Down The Mississippi

From the North Woods to New Orleans with an artist-reporter of the last century

IN THE ERA BEFORE PHOTOGRAPHS could be reproduced in the press, newspapers and magazines sent “special artists”—the photojournalists of their time—out on assignment. Their on-the-spot drawings were then made into engravings. The most famous of these reporters was Winslow Homer, who went on to become one of America’s greatest painters.Read more »

Painted On Water

Turn-of-the-century American painters came to Venice for its ancient splendors and pearly light. In a few years they captured its canals, palaces, and people in a spirit of gentle modernism that looks better than ever.

FOR MUCH OF THE history of the United States, American artists have looked across the Atlantic: for better schooling than they could find at home, for a culture in which art was valued more highly than it was in Puritan America, and often for style and subject matter. In recent decades, however, the preeminence of American art has brought about a selective revision of our art history. Today the evolution of American art is likely to be presented as a continuous struggle to throw off European influence. Read more »

Avery

A gathering of little-known drawings from Columbia
University’s Avery Architectural and Fine Arts Library illuminates two centuries of American building

ONE OF THE WORLD’S most renowned architectural institutions is named for a virtually unknown architect who died at age thirty-eight, too young to have made more than a promising start in his own career. In 1890, the year of Henry Ogden Avery’s death, his parents founded the Avery Architectural and Fine Arts Library at Columbia University in New York City and donated two thousand books from their son’s professional library as well as the drawings from his brief career. Read more »

The Flowering Of American Flower Painting

At one time or another, practically every American artist has brought forth a blossom.

WHETHER FLOWERS ARE a worthy subject for the painter—a question hat seems almost medieval in its distance from current art theory—was once the concern of the most eminent artists and critics. In the eighteenth century the British artist Sir Joshua Reynolds pronounced that still-life painting of any kind was a “lower exercise,” offering no elevating moral lessons. Furthermore, he said, no mature artist should waste his brushwork on that subdivision of the still-life genre—flower painting. Read more »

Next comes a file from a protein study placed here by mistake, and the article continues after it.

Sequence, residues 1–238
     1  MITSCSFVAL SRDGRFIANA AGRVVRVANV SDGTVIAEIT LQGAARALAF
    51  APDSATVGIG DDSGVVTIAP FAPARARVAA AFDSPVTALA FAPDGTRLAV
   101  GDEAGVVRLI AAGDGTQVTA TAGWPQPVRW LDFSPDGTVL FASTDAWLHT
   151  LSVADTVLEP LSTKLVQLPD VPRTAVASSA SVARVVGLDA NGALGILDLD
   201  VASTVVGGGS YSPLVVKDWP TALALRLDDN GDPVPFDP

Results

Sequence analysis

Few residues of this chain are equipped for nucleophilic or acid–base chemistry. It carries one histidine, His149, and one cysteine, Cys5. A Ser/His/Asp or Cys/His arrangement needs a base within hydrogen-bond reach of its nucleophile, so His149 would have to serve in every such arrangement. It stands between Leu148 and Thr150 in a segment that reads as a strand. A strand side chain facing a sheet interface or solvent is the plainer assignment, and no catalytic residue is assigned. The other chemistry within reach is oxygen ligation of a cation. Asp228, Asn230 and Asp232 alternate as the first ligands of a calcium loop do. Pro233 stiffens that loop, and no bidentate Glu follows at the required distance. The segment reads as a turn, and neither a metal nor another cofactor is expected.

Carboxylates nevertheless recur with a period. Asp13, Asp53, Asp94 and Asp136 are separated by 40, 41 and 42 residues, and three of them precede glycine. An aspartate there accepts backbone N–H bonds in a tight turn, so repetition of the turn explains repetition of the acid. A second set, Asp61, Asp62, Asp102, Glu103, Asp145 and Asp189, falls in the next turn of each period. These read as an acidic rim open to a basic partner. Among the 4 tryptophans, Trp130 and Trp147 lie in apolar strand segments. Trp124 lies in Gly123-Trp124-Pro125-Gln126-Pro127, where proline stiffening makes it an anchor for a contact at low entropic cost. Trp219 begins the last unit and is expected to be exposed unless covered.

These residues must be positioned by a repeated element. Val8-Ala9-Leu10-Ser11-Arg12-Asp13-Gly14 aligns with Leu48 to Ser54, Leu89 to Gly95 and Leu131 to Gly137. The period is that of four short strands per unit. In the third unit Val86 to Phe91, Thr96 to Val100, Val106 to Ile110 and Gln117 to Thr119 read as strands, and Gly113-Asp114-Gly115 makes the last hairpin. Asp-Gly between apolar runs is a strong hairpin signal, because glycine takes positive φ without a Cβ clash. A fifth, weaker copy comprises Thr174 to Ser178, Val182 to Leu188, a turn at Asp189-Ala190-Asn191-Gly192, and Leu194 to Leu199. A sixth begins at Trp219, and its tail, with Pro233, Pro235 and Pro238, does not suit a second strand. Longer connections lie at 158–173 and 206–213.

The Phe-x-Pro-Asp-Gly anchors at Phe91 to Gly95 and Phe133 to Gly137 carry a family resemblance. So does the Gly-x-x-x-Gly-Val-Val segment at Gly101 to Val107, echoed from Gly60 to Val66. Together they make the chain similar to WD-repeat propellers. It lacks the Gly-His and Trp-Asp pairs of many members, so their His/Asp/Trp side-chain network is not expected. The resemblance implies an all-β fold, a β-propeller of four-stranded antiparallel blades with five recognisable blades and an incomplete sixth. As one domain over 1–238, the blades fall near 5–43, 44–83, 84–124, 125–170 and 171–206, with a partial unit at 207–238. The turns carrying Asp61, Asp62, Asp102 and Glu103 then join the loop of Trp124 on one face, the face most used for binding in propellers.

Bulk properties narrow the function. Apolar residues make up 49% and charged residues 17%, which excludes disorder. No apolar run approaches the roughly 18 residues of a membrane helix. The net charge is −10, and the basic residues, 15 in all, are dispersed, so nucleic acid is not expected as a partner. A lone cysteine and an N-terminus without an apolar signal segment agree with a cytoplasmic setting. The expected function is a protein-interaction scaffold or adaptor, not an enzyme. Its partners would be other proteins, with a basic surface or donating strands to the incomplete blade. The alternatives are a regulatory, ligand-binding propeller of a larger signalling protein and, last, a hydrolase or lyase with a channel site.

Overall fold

A Painter Of Floating Property

Antonio Jacobsen, the most prolific of all American marine artists

“Ship portraiture” is a unique form of painting, modest in purpose but exacting in execution, long scorned by serious artists yet calling for particular knowledge and skills often beyond the ken of the fine artist. The specialty developed during a period when ships were growing mightily in size, complexity, speed, beauty, and grace. When the American sculptor Horatio Greenough first saw a clipper ship under full sail, he exclaimed, “There is something I would not be ashamed to show Phidias.” Read more »

Artists In Their Studios

As painting became a respectable profession in America, artists began to celebrate their workplaces

IN THE BEGINNING America had little use for the fine arts. Nomadic painters roamed the land and provided signs, decoration, and the occasional likeness of a sitter. But it wasn’t long before they contrived to establish more stable working places. In Boston, before the Revolution, John Smibert sustained a studio by selling art supplies and exhibiting copies of old master paintings and plaster casts of ancient sculptures.Read more »

Catawba Chronicle

A contemporary artist re-creates two and a half centuries of the life of a North Carolina county

Last March a letter arrived at AMERICAN HERITAGE from Barry G. Huffman of Hickory, North Carolina, a subscriber who had some kind words to say about the most recent issue of the magazine. But more important, she wanted to share with us a set of paintings she had been working on for the last four years.Read more »

John Sloan’s New Mexico

The famous painter of Eastern city life also captured the sunny, spacious world of the Southwest

When John Sloan—one of eight Eastern painters known as the Ashcan school—first came to Santa Fe in 1919, he was looking for new subjects to paint. He found a remote mountain town of about seven thousand citizens, two-thirds of whom were Spanish-speaking. Among the “Anglos” (persons neither Spanish nor Indian) was a sizable group of artists. To respect creative work is tradition in both Indian and Spanish society, and Sloan was delighted to find himself politely left alone. Above all, he was enchanted by the look of the place.Read more »

The Very Odd Vision Of F.W. Guein

Fitz W. Guerin, shown here in a moment of solemn whimsy, was a St. Louis photographer who ordinarily took his work very seriously. Born in Ireland in 1846, he joined the Union Army at fifteen, apprenticed himself to a photographer after the war, and then, until shortly before his death in 1903, made a good living photographing well-to-do citizens of his city.Read more »

A Painter At War

The Combat Art of Albert K. Murray

The camera is a marvelous instrument,” says the portrait artist Albert K. Murray, “but when it comes to covering a war, it has its limitations. The artist’s imagination can go where the lens cannot and adds a unique distillate to everything he paints.” Born in 1906 at Emporta, Kansas, Murray was already a well-known painter when he joined the Navy shortly after Pearl Harbor as one of only six American Navy combat artists.Read more »